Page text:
DHS Offers Innovation Contracts, But Not in Immigration Enforcement Policy

By David North on December 28, 2021

The Department of Homeland Security has issued a request for proposals from contractors that gives us a sense of what DHS is worried about.

And it shows that high-tech concerns, some so high-tech that they are hard to understand, outweigh policy considerations by a ratio of ten to one.

I am not knocking the RFP. It would be good, for example, to pick the last item on the list of 11 topics, to know more about “reportable animal diseases, particularly those with zoonotic propensity”; such diseases are those that can move from animals to humans like Ebola and perhaps Covid-19.

But a department in charge of immigration law enforcement should also be curious about ways that innovation, both technical and procedural, can be deployed to reduce, for example, the number of illegal aliens in the country.

Here’s the shopping list announced by the government last week; it wants proposals in the following fields:

  • DHS221-001 - Automated Artificial Intelligence (AI) Distress Alerts and Monitoring
  • DHS221-002 - Rapidly deployable countermeasures at protected perimeters and structures
  • DHS221-003 - Non-Invasive and Real-time Detection of Counterfeit Microelectronics
  • DHS221-004 - Broadband Push-to-Talk Interoperability Platform
  • DHS221-005 - A Step Towards Agent Agnostic Detection of Biological Hazards
  • DHS221-006 - Streamlined Airport Checkpoint Screening for Limited Mobility Passengers
  • DHS221-007 - Mass Fatality Tracking System (MFTS)
  • DHS221-008 - Next Generation High-Performance, Low Cost, Semiconductor-Based Spectroscopic Personal Radiation Detectors (SPRDs)
  • DHS221-009 - Field Forward Detection Platform for High Consequence Toxins
  • DHS221-010 - Person Worn Detector for Aerosolized Chemical Threat
  • DHS221-011 - From Port-Side to Pen-Side: Low-Cost Detection/Diagnostics for High-Consequence Transboundary or Nationally Reportable Animal Diseases, Particularly Those with Zoonotic Propensity

Of these 11, only one seems to deal with a serious, but low-tech problem, that is 006, “Streamlined Airport Checkpoint Screening for Limited Mobility Passengers.”

In my dreams, I could see DHS funding studies of such matters as the following:

  • What strategies should field enforcement personnel and prosecutors use that will lead to the most prison sentences for employers of illegal aliens?
  • What are the profiles of the aliens (and their citizen spouses) in marriage fraud cases in which both agree to a pretend marriage so that the citizen gets money and the alien gets a green card? Are there patterns in terms of justice of the peace marriages vs. those in a church, or the clothes worn by the aliens (seen in photos of the wedding, often on file), or the nation of origin of the alien?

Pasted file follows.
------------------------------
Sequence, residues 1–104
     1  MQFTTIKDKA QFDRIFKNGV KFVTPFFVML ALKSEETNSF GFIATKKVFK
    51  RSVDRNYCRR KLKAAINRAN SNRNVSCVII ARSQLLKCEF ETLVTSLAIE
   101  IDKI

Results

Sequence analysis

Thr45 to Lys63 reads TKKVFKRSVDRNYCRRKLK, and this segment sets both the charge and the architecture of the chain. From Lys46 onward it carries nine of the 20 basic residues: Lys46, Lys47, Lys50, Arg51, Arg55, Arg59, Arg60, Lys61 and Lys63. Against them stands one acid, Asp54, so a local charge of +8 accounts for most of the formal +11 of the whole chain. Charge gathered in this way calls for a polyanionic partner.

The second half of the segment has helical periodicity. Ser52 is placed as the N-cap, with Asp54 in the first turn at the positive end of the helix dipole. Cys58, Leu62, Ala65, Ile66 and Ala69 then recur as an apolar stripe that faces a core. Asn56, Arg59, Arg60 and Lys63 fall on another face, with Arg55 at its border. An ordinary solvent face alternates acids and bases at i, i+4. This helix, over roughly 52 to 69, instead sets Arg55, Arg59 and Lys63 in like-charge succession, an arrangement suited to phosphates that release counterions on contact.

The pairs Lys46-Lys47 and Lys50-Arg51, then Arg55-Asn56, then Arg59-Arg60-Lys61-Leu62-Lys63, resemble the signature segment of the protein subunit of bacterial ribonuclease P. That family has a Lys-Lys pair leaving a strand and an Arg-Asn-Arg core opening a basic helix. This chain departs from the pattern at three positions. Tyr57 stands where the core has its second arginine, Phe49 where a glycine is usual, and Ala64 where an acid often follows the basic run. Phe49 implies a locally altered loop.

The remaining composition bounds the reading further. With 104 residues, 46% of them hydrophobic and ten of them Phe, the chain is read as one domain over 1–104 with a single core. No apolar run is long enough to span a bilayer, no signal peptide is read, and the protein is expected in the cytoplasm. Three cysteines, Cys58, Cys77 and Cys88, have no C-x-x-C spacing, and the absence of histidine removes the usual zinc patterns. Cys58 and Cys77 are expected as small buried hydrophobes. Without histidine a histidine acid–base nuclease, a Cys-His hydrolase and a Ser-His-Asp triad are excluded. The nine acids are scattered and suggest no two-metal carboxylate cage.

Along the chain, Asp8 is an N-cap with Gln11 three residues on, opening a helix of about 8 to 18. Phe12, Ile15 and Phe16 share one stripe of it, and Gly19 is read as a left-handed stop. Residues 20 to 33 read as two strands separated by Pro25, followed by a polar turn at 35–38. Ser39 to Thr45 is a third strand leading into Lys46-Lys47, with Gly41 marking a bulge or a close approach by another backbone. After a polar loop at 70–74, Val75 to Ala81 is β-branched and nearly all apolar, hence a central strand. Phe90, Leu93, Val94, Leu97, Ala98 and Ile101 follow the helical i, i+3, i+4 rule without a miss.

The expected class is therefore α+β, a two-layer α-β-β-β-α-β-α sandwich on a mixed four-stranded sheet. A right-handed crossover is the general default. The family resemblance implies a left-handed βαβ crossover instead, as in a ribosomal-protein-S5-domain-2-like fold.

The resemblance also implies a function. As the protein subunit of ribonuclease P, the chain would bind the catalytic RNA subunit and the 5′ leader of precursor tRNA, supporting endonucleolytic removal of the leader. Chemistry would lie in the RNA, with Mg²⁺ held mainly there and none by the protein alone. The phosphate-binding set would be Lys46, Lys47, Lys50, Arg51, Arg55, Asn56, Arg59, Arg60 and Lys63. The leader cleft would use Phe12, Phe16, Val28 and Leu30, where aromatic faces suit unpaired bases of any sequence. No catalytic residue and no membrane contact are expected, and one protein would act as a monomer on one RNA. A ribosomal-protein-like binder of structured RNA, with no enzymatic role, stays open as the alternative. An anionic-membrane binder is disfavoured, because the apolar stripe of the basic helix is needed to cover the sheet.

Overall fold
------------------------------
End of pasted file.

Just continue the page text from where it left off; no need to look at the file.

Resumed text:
• We are not the only immigrant-receiving nation in the world. What enforcement techniques are used in other prosperous countries to limit immigration fraud and illegal aliens generally?        
  • What are the best methods for the U.S. field staff to infiltrate isolated H-2A (farm) and H-2B (non-farm) alien work forces that may be being exploited?
  • Are there clues that can be obtained, without field work, that would identify “pretend” employers of OPT workers from legit ones, a subject covered by my colleague Jon Feere. One such possibility would be to examine the address of the employer, using Zillow and other systems, to see the headquarters of the employer: Is it a house? Are there other patterns that could help identify such employers prior to field work.
  • What are the techniques used by other nations to purchase the refugee-blocking moves from third-party nations such as Turkey? Some may be worth copying, some not.

In real life, it is probably easier to admit to a lack of knowledge about high-tech solutions to problems, than to accept that the government has a blind eye about some policy matters, so my sense is that this kind of funding is rarely available.

Nostalgia. I do remember a brief period, long ago, when the old INS was under the Justice Department, and the attorney general was the late Elliot Richardson, that projects like the imagined ones were DOJ-funded. I ran a couple of them.

One of them was to design an experiment with the ports of entry: what difference would it make in terms of turn-backs of incoming aliens were the inspectors to be freed of time restraints, and were allowed to spend as much time as they felt necessary in the inspection of individual aliens? Such staffing patterns, we learned, would more than double the number of detected illicit entries. The inspectors doing this work also found out that by far most common reason for denying entry was not a high-tech one at all, it was that the inspectors found that the aliens were lying. Under a subsequent AG and a new INS commissioner, all of this was ignored.